I have already mentioned that one Robert Musegros received a grant for the Tradree district of south-east Clare in 1248 A.D. However he was not to hold this land for long as in the early 1270’s Henry took back the title for this land and regranted it to Thomas De Clare in 1276. De Clare also proposed to use “Bonreth” (Bunratty) as his headquarters and he set about building a stone castle, which was the second “castle” of Bunratty, the motte and bailey being the first. What do we know of this stone structure? We are fortunate that some details have survived, largely based on the 1321 post-mortem Inquisition into the estates of Thomas De Clare, killed in 1318. This tells us that the De Clare castle, which was occupied from c. 1278 to 1318, consisted of a large single stone tower with lime white walls. It stood near the river, on or near the site of the present, fourth, castle. This site, as my article shows, was attacked on a number of occasions by the O’Briens and their allies. In fact on one occasion, in 1284, while De Clare was in England the site was actually captured and destroyed. On his return, in 1287, he had the site rebuilt and a fosse, 140 yards in length, built around it. The site was attacked on later occasions but it held out until 1318 A.D. In that year a major battle was fought at Dysert O’Dea which resulted in the death of Richard De Clare and his son. When Lady De Clare at Bunratty, heard this she fled to the safety of Limerick city but not before burning the castle and town.
The De Clares never returned to the area and the single towered structure eventually collapsed. Presumably the stone was carted away and used in the erection of churches and other native defensive sites in the area. There is now no trace of this, the second castle of Bunratty.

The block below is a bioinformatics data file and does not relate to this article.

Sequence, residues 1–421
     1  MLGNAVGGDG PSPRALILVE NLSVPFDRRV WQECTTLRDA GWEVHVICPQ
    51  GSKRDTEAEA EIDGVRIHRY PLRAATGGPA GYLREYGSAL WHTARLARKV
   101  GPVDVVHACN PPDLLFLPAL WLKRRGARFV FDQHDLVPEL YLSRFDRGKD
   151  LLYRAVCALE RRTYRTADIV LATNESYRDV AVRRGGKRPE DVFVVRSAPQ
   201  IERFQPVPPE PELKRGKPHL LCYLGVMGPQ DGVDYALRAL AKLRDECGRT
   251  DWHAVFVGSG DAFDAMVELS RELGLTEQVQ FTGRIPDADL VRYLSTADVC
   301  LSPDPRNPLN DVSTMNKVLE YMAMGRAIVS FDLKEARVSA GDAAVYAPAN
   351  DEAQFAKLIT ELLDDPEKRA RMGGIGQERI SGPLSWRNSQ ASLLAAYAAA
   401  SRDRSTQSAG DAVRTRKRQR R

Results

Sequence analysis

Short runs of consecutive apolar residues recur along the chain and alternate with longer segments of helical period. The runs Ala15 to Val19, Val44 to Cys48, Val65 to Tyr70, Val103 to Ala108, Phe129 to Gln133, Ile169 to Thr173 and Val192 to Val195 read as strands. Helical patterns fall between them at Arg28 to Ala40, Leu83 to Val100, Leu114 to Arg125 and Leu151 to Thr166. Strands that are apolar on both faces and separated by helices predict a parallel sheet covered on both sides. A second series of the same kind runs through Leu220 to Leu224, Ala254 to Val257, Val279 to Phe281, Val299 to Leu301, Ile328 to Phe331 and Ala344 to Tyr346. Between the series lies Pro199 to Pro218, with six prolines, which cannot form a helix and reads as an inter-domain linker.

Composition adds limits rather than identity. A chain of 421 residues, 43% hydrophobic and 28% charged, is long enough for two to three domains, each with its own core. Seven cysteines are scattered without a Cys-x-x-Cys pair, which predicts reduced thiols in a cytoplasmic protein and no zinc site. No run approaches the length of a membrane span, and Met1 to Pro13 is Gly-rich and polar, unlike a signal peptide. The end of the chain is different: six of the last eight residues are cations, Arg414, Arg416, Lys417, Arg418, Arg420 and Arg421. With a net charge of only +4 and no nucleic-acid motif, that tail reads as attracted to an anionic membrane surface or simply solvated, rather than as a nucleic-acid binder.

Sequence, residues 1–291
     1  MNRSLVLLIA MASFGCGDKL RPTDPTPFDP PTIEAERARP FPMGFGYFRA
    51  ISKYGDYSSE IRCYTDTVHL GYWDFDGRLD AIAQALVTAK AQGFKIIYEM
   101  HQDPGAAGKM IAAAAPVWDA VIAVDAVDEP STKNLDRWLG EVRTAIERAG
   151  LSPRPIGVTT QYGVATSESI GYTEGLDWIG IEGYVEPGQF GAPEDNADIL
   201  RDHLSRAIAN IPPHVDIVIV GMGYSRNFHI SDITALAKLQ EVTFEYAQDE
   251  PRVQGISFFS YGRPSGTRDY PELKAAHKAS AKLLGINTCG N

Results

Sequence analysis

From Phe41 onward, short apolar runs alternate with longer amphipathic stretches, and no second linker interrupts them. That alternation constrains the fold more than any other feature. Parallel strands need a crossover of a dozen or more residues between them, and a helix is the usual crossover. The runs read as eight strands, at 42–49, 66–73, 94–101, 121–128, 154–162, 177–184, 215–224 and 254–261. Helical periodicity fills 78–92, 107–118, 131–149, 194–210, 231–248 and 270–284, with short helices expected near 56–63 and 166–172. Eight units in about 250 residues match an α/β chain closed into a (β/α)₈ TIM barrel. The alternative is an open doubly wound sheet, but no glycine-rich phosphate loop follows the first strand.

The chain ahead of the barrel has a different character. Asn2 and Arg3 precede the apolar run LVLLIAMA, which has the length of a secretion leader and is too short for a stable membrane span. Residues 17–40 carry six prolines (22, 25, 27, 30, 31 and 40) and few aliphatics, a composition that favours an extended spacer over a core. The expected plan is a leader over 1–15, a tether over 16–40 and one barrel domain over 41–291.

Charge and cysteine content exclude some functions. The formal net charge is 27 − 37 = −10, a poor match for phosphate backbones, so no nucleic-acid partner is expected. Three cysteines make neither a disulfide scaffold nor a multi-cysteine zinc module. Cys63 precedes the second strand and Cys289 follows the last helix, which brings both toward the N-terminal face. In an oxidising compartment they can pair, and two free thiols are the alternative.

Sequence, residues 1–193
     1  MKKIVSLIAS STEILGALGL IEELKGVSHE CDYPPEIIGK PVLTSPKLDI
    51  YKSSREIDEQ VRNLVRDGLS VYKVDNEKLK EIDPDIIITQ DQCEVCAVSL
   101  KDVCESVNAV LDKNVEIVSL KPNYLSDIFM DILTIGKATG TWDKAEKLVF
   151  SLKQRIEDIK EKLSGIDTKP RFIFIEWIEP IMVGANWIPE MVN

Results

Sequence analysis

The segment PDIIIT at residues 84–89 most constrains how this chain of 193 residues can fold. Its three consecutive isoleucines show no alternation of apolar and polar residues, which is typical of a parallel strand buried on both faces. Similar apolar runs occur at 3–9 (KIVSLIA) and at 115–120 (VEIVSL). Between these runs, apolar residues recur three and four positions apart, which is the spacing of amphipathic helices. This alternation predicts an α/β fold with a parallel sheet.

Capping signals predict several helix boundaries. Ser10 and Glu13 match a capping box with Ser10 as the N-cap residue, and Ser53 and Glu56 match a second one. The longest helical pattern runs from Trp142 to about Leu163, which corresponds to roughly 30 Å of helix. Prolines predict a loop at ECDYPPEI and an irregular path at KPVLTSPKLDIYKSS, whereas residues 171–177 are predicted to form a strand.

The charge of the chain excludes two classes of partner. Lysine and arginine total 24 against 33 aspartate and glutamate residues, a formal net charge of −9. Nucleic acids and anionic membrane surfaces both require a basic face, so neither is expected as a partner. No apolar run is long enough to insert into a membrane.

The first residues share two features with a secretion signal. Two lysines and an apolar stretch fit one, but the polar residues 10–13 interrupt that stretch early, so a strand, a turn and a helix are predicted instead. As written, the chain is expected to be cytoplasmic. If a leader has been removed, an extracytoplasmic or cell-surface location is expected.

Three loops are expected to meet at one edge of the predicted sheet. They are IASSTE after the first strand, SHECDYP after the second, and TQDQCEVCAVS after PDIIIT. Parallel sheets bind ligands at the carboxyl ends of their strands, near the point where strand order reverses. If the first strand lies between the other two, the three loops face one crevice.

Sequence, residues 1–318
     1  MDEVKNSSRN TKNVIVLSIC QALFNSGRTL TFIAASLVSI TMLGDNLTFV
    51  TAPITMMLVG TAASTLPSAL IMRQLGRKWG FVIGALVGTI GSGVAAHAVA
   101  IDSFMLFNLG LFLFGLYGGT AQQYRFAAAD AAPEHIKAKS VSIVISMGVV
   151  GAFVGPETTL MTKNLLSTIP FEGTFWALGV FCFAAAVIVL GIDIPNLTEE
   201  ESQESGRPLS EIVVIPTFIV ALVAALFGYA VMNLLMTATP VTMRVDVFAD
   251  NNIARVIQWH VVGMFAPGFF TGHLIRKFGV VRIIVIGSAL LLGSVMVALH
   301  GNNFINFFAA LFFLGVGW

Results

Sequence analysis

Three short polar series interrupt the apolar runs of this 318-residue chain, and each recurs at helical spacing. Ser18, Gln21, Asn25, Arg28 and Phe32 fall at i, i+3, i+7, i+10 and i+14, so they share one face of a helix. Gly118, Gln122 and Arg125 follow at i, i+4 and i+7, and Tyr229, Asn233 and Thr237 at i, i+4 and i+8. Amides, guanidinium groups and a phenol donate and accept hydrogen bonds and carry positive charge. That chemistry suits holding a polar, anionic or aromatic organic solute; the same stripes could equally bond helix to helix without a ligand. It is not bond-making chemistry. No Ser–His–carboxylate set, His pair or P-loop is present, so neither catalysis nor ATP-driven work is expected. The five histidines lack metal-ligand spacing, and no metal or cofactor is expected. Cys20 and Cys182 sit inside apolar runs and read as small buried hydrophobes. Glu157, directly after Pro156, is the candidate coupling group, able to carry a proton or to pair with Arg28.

Third Castle of Bunratty:
So ended, after a very brief period, the third castle at Bunratty.
Fourth Castle of Bunratty:
Source: Commissioners of Public Works.
This is the present, restored, castle of Bunratty so well known to the thousands of people who visit it each year. I do not propose to deal with this site in any great detail due to the availability of so many articles on it.
Work originally commenced on this site c. 1450 A.D. by one Maccon Sioda MacNamara, chieftain of the Clann Cuilein (i.e. MacNamaras), he did not see the site completed in his day, rather the honour fell to his son Sean Finn who died in 1467 A.D.
In relation to the site chosen many scholars feel it was close to, if not actually on, that used by De Clare in the late thirteenth century. Though it may have occupied the same site this fourth castle was much more impressive in size and features. For on thing it has four corner towers, as distinct from the one towered structure of De Clare.
Though originally a MacNamara fortress it became O’Brien property around 1500 A.D. The reason for this change in ownership is not clear – it may have been due to war or perhaps have resulted from a marriage agreement. The O’Briens, later Earls of Thomond, were to extend this site and make it their chief seat, in place of their original castle at Ennis.
The site figured in later Irish history, especially during the Confederate wars of the 1640’s (O’Brien, 1978, pages 15 - 18 incl.). Later it came into the possession of the Studdart family, c. 1720 A.D. This family occupied the site for some time, until the early nineteenth century when they moved to Bunratty House, to the north of the castle. The site then fell into gradual decay (see photo overleaf) until the site was purchased by Lord Gort in the 1950’s. Restoration work was then carried out by the Office of Public Works. In 1960 the site was opened to the public, furnished in early furniture, tapestries and works of art all dating to c. 1600.
Much greater detail on the history and features of this fourth site are available from :-
Books and articles available on aspects of the various castles of Bunratty, 1251 A.D. to 1650 A.D.
Such site plans are to a large scale and not suitable for general copying.